Dr. Ananya Mandal

Dr. Ananya Mandal is a doctor by profession, lecturer by vocation and a medical writer by passion. She specialized in Clinical Pharmacology after her bachelor's (MBBS). For her, health communication is not just writing complicated reviews for professionals but making medical knowledge understandable and available to the general public as well.

Citations

Please use one of the following formats to cite this article in your essay, paper or report:

  • APA

    Mandal, Ananya. (2020, April 03). Even minor weight loss can improve men’s sex lives: Study. News-Medical. Retrieved on December 01, 2022 from https://www.news-medical.net/news/20110808/Even-minor-weight-loss-can-improve-mens-sex-lives-Study.aspx.

  • MLA

    Mandal, Ananya. "Even minor weight loss can improve men’s sex lives: Study". News-Medical. 01 December 2022. <https://www.news-medical.net/news/20110808/Even-minor-weight-loss-can-improve-mens-sex-lives-Study.aspx>.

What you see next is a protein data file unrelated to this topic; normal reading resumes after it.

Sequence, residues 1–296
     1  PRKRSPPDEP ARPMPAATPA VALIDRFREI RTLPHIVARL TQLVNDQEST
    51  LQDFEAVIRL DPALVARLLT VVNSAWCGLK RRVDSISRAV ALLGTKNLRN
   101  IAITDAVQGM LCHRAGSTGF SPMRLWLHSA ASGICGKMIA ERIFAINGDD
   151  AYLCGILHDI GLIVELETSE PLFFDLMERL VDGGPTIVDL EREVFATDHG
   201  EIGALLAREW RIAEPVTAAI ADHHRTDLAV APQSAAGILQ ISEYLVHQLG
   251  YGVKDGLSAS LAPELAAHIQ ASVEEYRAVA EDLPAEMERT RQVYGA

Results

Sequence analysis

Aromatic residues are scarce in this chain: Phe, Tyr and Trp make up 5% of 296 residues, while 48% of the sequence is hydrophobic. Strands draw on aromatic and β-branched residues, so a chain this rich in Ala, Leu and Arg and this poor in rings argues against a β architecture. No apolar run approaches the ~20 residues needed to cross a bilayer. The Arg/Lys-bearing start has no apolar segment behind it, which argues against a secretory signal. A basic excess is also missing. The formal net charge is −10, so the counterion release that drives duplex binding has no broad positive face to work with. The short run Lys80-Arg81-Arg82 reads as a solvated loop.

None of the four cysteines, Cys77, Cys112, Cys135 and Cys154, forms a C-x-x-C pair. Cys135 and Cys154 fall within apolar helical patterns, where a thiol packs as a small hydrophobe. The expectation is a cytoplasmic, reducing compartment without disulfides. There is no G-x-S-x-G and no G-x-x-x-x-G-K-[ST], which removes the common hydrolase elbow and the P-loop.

• Chicago

    Mandal, Ananya. "Even minor weight loss can improve men’s sex lives: Study". News-Medical. https://www.news-medical.net/news/20110808/Even-minor-weight-loss-can-improve-mens-sex-lives-Study.aspx. (accessed December 01, 2022).

  • Harvard

    Mandal, Ananya. 2020. Even minor weight loss can improve men’s sex lives: Study. News-Medical, viewed 01 December 2022, https://www.news-medical.net/news/20110808/Even-minor-weight-loss-can-improve-mens-sex-lives-Study.aspx.

Comments

The opinions expressed here are the views of the writer and do not necessarily reflect the views and opinions of News Medical.
Post a new comment
Post
You might also like...
Almond consumption could keep extra kilos at bay, research says